I know you must be really busy what with the sorority activities and your studies. I hope you enjoy school as much now as when you first started. Sounds like lots of fun. I sure would like to sit next to you in some of your classes. Maybe you would do my homework for me.

Darling I keep wanting to see you more every day. Seems like the more I think about it the worse it gets. I really live for your wonderful letters. If anything can build up my morale it’s a couple of those letters from you. Please! Keep on just the way your going. I love it.

We have a swell tent now. It is up off the ground about 3 feet and has a nice wood floor and sides to keep out the rain. Boy! Does it rain up here. I never saw anything like it in my life. It is hotter here than it was right on the equator. Our camp is pretty cool because it’s in a coconut grove.

Well darling that is about all I can think of. I wish I could be with you tonite and every nite. I know that we will be together in not so very many months if everything works out.

Goodnite sweetheart and pleasant dreams.

I love you with all my heart.


59) Lonely and sad noise of rain beating down on the palm branches. ---Dec. 1st, 1944

Tacloban, Cancaboto Bay, Leyte, Philippines
APO 72 Leyte, Philippines

Dec. 1st 44
9:30 PM
My darling,

I really have been neglecting to write to you. Sometimes it is almost impossible to write regularly. I’ve often said to myself, I’ll write every other day. It seems to work out for a while then something will keep me from writing then maybe I can’t write for several days. So you see any system like that simply doesn’t work over any period of time longer than just a few days. I believe that now that you are a little bit busy yourself, you can realize just how hard it is to carry on a regular correspondence. You must admit that I do write more regularly to you than I do to anyone else. Maybe the fact that I’m in love makes some difference.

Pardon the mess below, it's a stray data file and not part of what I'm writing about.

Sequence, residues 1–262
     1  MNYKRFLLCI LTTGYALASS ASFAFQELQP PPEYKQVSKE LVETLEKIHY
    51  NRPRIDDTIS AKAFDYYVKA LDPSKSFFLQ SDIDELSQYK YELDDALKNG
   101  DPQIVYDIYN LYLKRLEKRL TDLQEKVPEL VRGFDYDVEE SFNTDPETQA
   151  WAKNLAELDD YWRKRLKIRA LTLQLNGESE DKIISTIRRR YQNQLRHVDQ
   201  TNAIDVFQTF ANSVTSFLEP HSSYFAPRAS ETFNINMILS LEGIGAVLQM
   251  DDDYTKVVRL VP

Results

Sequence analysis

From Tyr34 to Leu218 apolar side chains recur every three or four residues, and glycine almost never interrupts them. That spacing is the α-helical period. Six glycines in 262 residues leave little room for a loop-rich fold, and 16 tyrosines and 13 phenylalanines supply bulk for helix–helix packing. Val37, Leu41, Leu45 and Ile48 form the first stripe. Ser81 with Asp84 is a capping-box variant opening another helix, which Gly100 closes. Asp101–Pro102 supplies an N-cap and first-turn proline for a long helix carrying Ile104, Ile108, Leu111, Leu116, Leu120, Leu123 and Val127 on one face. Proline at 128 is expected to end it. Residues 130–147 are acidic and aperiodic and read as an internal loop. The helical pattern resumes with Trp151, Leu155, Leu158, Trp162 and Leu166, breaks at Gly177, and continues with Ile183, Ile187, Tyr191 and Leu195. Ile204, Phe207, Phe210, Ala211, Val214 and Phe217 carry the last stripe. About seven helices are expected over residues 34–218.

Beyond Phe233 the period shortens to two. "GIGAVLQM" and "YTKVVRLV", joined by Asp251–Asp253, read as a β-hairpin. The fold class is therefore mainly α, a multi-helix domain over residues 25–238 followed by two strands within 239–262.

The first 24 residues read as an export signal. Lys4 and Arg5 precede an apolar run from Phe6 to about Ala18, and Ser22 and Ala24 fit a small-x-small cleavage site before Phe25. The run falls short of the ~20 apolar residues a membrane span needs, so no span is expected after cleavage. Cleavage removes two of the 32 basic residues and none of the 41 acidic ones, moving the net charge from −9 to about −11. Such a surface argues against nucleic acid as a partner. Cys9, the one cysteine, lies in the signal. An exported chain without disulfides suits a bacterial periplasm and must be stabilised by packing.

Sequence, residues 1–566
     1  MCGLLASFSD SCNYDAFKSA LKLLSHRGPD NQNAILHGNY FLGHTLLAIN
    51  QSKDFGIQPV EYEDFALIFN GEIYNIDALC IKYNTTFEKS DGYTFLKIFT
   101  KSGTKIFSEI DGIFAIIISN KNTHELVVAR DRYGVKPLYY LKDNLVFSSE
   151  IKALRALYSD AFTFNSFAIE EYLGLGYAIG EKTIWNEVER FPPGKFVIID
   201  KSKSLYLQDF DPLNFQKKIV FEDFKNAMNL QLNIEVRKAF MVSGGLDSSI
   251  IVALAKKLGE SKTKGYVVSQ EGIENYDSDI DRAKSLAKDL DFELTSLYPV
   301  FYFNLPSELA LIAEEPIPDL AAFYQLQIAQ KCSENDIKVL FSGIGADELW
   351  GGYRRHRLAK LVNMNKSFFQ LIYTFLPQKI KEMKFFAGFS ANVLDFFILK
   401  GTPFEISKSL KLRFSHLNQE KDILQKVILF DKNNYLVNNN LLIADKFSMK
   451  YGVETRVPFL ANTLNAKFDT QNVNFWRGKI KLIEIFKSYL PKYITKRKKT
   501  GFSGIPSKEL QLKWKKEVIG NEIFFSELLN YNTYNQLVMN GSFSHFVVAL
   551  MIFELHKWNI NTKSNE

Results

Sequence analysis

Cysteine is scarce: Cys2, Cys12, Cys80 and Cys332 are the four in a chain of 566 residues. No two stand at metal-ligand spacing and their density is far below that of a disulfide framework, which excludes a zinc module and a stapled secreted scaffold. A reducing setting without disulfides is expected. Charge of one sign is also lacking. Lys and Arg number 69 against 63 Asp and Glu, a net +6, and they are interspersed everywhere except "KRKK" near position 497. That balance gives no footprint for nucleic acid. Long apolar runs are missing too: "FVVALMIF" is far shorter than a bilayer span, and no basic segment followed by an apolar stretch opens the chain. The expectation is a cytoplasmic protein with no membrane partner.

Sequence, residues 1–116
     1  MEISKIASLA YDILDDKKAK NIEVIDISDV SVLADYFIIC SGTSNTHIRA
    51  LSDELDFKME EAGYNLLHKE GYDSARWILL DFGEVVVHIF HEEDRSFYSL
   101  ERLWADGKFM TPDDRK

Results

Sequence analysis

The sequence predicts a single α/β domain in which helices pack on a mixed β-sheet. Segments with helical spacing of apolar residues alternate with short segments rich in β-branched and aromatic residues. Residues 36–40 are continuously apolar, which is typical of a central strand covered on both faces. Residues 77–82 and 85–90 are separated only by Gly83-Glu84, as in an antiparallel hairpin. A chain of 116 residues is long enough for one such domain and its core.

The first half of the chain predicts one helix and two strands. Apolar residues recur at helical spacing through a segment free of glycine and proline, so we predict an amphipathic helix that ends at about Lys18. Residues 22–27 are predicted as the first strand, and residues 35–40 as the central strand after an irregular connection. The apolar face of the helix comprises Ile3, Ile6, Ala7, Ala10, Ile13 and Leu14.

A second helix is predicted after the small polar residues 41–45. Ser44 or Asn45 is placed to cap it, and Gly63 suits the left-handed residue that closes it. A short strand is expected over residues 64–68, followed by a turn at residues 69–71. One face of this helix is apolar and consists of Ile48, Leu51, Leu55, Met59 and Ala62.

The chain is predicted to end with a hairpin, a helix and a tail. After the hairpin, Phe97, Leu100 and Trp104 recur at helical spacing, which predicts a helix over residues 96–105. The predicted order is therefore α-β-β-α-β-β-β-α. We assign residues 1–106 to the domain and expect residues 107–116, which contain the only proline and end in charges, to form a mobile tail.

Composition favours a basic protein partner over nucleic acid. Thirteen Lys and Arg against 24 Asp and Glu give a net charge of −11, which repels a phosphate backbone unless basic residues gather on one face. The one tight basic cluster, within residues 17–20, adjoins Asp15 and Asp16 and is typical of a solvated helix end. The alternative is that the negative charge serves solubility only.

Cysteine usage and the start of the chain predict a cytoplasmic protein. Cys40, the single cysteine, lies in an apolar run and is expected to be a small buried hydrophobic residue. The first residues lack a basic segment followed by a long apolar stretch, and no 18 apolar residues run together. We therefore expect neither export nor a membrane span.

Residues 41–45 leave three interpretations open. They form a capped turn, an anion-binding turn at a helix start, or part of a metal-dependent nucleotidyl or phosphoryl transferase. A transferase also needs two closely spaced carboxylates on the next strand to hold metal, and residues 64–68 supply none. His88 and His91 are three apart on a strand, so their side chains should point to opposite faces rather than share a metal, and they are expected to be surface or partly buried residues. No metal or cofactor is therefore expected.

We really had a feast in the tent tonite. Fried chicken again. One of the fellows from the kitchen fried them. They weren’t as good as when Ralph & I fried them but chicken is chicken I always say. We ate it down to the dry bones and could have eaten lots more. While you are doing that cooking around home you might as well get to know how to fry chicken. I will probably be getting you to fix me some.

Darling I am so glad you got in the sorority that you wanted. Sure will make it a lot more fun to go to school. I know that you won’t have any trouble keeping good grades for the whole semester. I really don’t see how you can write letters to me from the classroom though. However, I shouldn’t say anything as long as I am getting your swell letters. After all it’s those letters that keep me going.

Anytime I get disgusted and blue or feel lonely I get out some of your letters and look through the pictures I have and honestly it really helps me somehow.

Just knowing that your back there waiting and hoping. Maybe someday I can explain it better to you. Might sound a little crazy but its true.

I got the last copy of the Courier Journal today along with it a letter from you dated Nov. 16th.

You will have to excuse the writing if it is a little worse than usual tonite. The fellows in the tent all went to bed and when the last one went to bed he turned out the light so I am writing this from inside the insect bar. It is raining out now and the rain beating down on the palm branches and the tent really makes a lonely and sad noise. I have the flashlight on and I am laying here just thinking how nice it would be to be where I could see you and visit you once in a while.

Right now I am getting so tired I can hardly hold my head up. Maybe I ate too much chicken.

Anyway I can’t mail this till tomorrow so I’ll finish this then. I will close this now and get it in the mail. Remember I love you with all my heart.


My best to Anne & your Mom 

58) "Good eats around the tent!"---Nov. 26th, 1944

Tacloban, Cancaboto Bay, Leyte, Philippines
APO 72 Leyte, Philippines

Philippines, Sun. Afternoon, Nov. 26th

I have been waiting for some letters from you for some few days now. I finally received 2 yesterday and then 2 more this morning. The first 2 were written on the 23rd & 25th of Oct. The 2 that I got this morning were mailed on the 6th & 12th of Nov. That’s pretty fast. Especially when you consider that it had to go to the other APO then come up here.

We are still seeing lots of air activity and once in a while we get to see them knock down a Nip plane or two. Just like you see in the news reels back there. Lots of fun if they don’t come too close to camp.

The mud is still pretty bad around where we are but today the sun is out strong so I guess it will start drying up. We put up a new supply tent the other day and now we have a real nice place to work & keep our stuff dry.